Wow the Reaper Bones Kickstarter raised an amazing $3,429,236 and some 17744 people backed the project most of them backing at the $100 level and receiving over 200 miniatures for their enjoyment (myself among them) in March next year. The thing is the Bones miniatures come with what is called a broccoli base, a lightly textured base that is fixed to the miniature. For many of the miniatures under “gaming” conditions you will want a more sturdy base.
Well firstly to increase miniature stability, you want your minis to be steady so they are not knocked around as much. The other reason is the same reason you frame a picture. A nicely painted miniature on a good base just looks better than a nicely painted miniature.
So no you don’t need to rebase your models, but it is something to consider and with the Bones miniatures is easy to do.
There are many different bases on the market from the very simple squares and circles of Liktoto the blank “round” bases that are sold by many companies in a range of sizes. The key to bases is that they come in a range of sizes, for DnD purposes you want the 25mm base (suitable for medium and smaller creatures), 50mm (for large creatures) and 100mm (for huge ones). In reality you will only need the 25mm and 50mm bases, huge monsters will be very stable and are unlikely to need basing beyond what they come with except perhaps for decorative purposes.
A simple way to spice up your base is by simply painting it brown or green and then (once the paint is dry) painting its top with PVA glue and applying flock. Flock can be all sorts of material and these days there are companies that will sell you a wonderful array of options. However if you head to a hobby store you should be able to find what is called “static grass” easily enough, buy 2 or 3 similar colours (ie shades of green) and when you get home mix them up (turf is uniform in colour, wild grass isn’t). To get the static grass/flock onto the PVA glue just put the mini into the flock and carefully push the flock over the glue. Give it a few seconds and then you can lift the mini out and gently tap to knock off the excess flock (don’t worry about trying to get it all off now). Then you can leave it to dry before giving it another knock and you are done.
Note: This needs to be done after the miniature is sealed!
Models that are going to be heroes or bosses deserve a little more attention than the a simple round bit of plastic or a blank base and this is where the many resin bases available now come in. These days with a bit of searching you can find a number of companies that produce resin bases that come with a whole lot of detail on them, essentially they are little miniatures all on their own. For the rest of this article I’m going to use an Australian company, Back 2 Base-ix just because I’m an Aussie and I happened to be able to buy them at my LGS today to use as examples for less than the other Aussie company represented.
When shopping for them be sure you are getting bases, there are similar products called base inserts that are designed to work with a particular style of base (popularised by companies like Privateer Press) and it can be hard to get 25mm bases in that style.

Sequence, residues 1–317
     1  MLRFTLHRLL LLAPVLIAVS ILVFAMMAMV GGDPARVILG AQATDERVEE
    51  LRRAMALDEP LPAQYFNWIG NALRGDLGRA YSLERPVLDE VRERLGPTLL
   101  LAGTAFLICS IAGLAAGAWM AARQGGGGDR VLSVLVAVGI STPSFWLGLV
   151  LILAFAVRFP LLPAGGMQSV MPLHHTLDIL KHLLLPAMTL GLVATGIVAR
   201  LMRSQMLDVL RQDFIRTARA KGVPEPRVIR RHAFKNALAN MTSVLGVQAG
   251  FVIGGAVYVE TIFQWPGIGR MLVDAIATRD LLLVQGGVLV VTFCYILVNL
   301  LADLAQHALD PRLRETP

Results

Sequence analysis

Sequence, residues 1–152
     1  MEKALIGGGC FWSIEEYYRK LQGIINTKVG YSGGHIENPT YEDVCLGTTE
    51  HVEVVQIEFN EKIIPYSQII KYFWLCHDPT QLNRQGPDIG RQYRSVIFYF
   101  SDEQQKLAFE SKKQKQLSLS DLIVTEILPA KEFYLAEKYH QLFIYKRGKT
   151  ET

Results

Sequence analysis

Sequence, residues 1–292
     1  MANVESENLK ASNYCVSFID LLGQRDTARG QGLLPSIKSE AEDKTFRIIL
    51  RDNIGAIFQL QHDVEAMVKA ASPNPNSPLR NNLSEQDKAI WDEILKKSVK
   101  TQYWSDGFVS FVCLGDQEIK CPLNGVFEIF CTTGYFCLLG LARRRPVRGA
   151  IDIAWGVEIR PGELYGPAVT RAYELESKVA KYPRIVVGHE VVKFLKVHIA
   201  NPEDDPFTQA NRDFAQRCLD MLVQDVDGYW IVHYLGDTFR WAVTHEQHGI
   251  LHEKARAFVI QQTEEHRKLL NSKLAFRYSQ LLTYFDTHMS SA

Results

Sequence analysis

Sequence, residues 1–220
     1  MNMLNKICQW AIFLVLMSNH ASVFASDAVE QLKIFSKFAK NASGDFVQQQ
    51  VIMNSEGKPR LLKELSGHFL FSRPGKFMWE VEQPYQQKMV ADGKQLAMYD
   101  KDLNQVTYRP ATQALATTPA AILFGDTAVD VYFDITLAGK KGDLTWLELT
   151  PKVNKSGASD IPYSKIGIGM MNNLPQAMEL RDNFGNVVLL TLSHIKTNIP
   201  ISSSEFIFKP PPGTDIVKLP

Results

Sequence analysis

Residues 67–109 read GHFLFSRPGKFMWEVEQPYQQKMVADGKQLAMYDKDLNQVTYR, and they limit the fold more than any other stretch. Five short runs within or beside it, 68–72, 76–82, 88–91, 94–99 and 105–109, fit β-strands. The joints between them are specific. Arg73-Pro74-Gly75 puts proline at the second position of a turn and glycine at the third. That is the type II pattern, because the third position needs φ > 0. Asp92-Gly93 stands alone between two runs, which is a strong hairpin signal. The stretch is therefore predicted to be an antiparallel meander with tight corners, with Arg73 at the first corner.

The bases come unpainted and are typically grey or tan resin (though any colour is possible) and there are three styles; round, RS round and square. Round and square bases are basically the same except for their shape; the “base” sits underneath the sculpted scenery and provides only a small portion of the entire base. RS Round on the other hand has a clear base area around the scenery element making the base portion more distinct.
Round bases come in all sorts of sizes depending on the company, but RS Round often start at 30mm. Now 30mm may not seem very different from 25mm but for play on a typical RPG battlemat 30mm bases do not fit inside the grid and that can become a nuisance when models crowd around a single figure. In fact this is the main reason to sticking with set sizes of 25mm and 50mm, it makes gameplay easier when positioning matters.
The main thing about these resin bases is that they look really good, and aside from getting them painted, take very little effort to use for a great effect in the end.
Attaching a Mini
The best news for people buying Bones is that adding a base is really easy with a Bones model.
Because the Bones plastic is relatively soft it is particularly easy to remove the miniatures from their base with a box cutter knife (it’s basically a handle with a razor blade poking out) – you will want one of the steel bodied ones, not the little ones with the segmented blades. Removing from the base is really only needed for using the fancy bases, anything else just trim as desired/needed and then use super glue to stick the mini to the base.
Once the mini is cut off from the broccoli base run it over a file a couple of times to level the feet a little. Then grab your intended base (be it fancy or not) work out with some trials where you want your mini to be positioned, then apply super glue to the mini and stick to base. Done.
As you can see from looking between my rebased dwarf on the left here, and the original base at the top its a pretty significant difference in look just at that stage. It is also apparent that these bases will make character models and such more prominent on the table.
(Should you have a metal miniature and want to rebase it, this is a more complicated process. In addition to cutting it from its base you will need to do what is called pinning the miniature. You drill holes in the mini’s feet and drill matching holes in the base, into both you insert a small amount of wire, then use the super glue.)
Now if you will excuse me I have a werewolf I need to rebase…